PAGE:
Two paragraphs…

from “The Well-Informed Citizen – An Essay on the Social Distribution of Knowledge” by Alfred Schütz. Emphasis added by me.

The outstanding feature of a man’s life in the modern world is his conviction that his life-world as a whole is neither fully understood by himself nor fully understandable to any of his fellowmen. There is a stock of knowledge theoretically available to everyone, built up by practical experience, science, and technology as warranted insights. But this stock of knowledge is not integrated. It consists of a mere juxtaposition of more or less coherent systems of knowledge which themselves are neither coherent nor even compatible with one another. On the contrary, the abysses between the various attitudes involved in the approach to the specialized systems are themselves a condition of the success of the specialized inquiry.”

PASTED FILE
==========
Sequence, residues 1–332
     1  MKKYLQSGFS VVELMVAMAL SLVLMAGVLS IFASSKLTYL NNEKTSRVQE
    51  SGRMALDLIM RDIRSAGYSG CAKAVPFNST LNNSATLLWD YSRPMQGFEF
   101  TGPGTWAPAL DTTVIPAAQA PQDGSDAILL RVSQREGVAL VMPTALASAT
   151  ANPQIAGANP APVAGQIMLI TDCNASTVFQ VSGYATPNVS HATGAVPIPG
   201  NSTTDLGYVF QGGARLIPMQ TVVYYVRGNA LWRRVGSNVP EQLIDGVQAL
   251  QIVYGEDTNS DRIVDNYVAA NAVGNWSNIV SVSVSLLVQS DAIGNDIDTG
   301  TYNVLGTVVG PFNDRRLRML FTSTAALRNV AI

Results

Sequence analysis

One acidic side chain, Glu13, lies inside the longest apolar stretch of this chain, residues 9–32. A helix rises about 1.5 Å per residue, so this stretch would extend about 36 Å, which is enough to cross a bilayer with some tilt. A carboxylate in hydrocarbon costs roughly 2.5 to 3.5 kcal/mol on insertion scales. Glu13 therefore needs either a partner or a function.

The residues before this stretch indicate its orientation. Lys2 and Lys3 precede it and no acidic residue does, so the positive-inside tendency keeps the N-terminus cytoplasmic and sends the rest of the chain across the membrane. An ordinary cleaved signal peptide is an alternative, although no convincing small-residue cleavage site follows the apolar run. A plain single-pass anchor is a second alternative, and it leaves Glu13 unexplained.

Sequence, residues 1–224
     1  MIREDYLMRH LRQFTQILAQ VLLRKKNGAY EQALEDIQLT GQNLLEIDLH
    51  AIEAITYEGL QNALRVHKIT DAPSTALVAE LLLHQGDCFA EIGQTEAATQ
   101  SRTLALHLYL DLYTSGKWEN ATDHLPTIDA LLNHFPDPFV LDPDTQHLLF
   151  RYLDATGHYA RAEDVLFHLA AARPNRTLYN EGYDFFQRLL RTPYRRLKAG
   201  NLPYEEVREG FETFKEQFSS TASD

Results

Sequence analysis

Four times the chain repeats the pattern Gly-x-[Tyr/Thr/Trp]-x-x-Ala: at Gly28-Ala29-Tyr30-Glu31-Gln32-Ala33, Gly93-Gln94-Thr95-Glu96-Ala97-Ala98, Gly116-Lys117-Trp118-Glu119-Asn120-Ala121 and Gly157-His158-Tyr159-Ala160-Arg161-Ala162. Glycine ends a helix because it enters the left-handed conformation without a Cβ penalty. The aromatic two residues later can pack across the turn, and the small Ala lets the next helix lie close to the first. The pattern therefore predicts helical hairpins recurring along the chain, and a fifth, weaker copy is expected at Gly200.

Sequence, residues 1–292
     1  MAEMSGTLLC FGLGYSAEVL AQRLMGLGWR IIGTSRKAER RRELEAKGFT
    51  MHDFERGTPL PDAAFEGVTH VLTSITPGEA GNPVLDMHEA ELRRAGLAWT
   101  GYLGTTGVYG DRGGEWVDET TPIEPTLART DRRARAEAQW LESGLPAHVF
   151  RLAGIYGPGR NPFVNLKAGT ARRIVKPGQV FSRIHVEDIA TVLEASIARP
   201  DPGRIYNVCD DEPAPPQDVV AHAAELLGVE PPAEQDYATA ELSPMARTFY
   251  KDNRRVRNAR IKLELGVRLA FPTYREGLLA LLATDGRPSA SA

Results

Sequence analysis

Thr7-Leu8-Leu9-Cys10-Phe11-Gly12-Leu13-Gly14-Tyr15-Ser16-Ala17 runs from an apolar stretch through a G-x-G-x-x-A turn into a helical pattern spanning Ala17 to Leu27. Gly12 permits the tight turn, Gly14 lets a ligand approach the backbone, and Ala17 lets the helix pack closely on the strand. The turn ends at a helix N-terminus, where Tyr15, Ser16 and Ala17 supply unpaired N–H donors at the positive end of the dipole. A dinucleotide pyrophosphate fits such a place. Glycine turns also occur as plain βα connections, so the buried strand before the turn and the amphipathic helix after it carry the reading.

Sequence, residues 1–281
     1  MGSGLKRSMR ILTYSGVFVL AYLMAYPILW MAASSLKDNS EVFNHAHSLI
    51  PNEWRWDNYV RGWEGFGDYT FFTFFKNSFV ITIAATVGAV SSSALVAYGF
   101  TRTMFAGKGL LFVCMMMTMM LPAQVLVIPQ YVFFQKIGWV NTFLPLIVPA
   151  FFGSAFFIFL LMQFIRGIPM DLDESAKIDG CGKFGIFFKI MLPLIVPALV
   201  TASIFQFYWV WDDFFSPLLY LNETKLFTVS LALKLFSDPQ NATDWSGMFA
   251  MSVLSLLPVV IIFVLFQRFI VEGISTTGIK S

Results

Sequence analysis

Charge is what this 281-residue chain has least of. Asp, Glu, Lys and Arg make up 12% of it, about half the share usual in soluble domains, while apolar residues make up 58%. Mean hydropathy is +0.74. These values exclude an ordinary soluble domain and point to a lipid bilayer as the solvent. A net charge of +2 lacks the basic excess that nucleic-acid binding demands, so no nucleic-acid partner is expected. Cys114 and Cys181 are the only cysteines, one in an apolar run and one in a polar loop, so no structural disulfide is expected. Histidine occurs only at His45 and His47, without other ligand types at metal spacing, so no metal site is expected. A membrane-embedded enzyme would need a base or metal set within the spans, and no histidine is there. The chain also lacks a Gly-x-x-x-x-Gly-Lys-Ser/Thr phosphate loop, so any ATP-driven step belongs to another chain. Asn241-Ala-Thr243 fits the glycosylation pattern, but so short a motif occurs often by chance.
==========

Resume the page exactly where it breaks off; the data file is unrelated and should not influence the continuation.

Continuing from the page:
Thus the article begins. And so it ends:

“Socially approved knowledge is the source of prestige and authority; it is also he home of public opinion. Only he is deemed to be an expert or a well-informed citizen who is socially approved as such. Having obtained this degree of prestige, the expert’s or the well-informed citizen’s opinions receive additional weight in the realm of socially derived knowledge. In our time, socially approved knowledge tends to supersede the underlying system of intrinsic and imposed relevances. Polls, interviews, and questionnaires try to gauge the opinion of the man on the street, who does not even look for any kind of information that goes beyond his habitual system of intrinsic relevances. His opinion, which is public opinion as it is understood nowadays, becomes more and more socially approved at the expense of informed opinion, and therefore imposes itself as relevant upon the better-informed members of the community. A certain tendency to misinterpret democracy as a political institution in which the opinion of the uninformed man on the street must predominate increases the danger. It is the duty and the privilege, therefore, of the well-informed citizen in a democratic society to make his private opinion prevail over the public opinion of the man on the street.”

Social Research (1946), Vol. 13., 463-478.

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